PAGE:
Donated house aids fire and rescue training
By Katie Demeria
EDINBURG — Firefighter Smith was not responding to command’s calls.
“Firefighter Smith, do you copy?” was repeated over the radio several times, without an answer.
Shenandoah County Department of Fire and Rescue firefighters strapped on their equipment — which weighs about 80 pounds each — and entered the smoke-filled house, where visibility was virtually non-existent.
Training Officer Bill Streett, though, was inside the residence already.
“I’m not going to answer,” he said as yet another call for Firefighter Smith came over the radio from command. “That way they’ll get a little anxious down there.”
Firefighter Smith is actually a manikin dressed in firefighting gear, sitting on the building’s second floor with his legs hanging through the floor, as though he fell through.
“And it’s not really far off from what actually happened,” Streett said. “My foot went through that exact spot.”
When Streett nearly fell, though, the flames in the house had been very real, and he was able to free himself quickly without alarming other rescue workers on the scene. That was in January, when fire severely damaged the 780 Stoneburner Road residence.
The owner, Frances Stoneburner, 80, lives in Ocean City, Maryland. She has owned the residence since the late 1970s, gaining it as an inheritance from her late husband’s family. She has rented it out ever since then, but after the fire, she decided to donate it to the department of fire and rescue.
“I just thought it would be a good idea to help out the community in any way I could,” Stoneburner said. “I’m happy I could help.”
The training, Streett said, is called rapid intervention training.
“It’s what we do in the event that we have a firefighter who either gets lost or disoriented, or possibly gets into a situation in which they cannot get themselves out of a house fire,” he said.
Similar donations are usually made to the department every two to three years, Streett said, but this house is rare in that, despite the fire damage, it is structurally sound.
This allows for more thorough training in which firefighters can go to the second floor, work their way through a maze Streett built, and finally find the downed firefighter.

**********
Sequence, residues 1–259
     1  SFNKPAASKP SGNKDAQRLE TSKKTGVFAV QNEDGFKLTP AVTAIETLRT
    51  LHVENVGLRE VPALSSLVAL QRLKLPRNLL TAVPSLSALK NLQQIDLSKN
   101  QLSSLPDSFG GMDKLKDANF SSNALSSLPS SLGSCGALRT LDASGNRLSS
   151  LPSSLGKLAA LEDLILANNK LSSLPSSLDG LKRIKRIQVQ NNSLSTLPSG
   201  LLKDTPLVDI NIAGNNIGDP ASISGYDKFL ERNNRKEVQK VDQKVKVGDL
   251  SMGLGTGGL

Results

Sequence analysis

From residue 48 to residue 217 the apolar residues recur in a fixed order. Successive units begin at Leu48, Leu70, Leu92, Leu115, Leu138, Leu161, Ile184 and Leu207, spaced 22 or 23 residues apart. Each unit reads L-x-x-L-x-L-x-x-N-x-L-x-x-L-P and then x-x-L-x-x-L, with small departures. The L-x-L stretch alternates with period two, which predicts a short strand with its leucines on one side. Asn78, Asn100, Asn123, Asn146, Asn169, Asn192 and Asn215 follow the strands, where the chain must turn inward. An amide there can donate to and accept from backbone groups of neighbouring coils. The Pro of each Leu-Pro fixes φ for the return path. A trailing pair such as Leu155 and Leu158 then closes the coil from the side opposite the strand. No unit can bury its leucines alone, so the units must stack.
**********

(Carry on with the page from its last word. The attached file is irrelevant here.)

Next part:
It is a good example, he added, of a house in which certain safety tactics, like closing doors at night to prevent fire from spreading, are evident. Some rooms were entirely destroyed by flames, but others look like they were not damaged at all.
“It also has a balloon frame construction,” he said. “Nothing stopped the fire from burning between the floors.”
Shenandoah County firefighters have never had a situation in which a crew member was caught inside a burning building. But, Streett said, they want to be as prepared as they can possibly be in the event that such a situation does arise.
Fires can quickly disorient a firefighter, he pointed out, testing their ability to work through their situation both mentally and physically. The smoke in the building is incredibly thick, and the weight of the gear and heat from the fire can become overwhelming.
The training, Streett said, will allow firefighters to better serve Shenandoah County residents.
“It’s just a unique situation in that the fire department spent this time and energy trying to save a piece of property, and then was able to get it back to better those capabilities,” Streett said.
Contact staff writer Katie Demeria at 540-465-5137 ext. 155, or firstname.lastname@example.org
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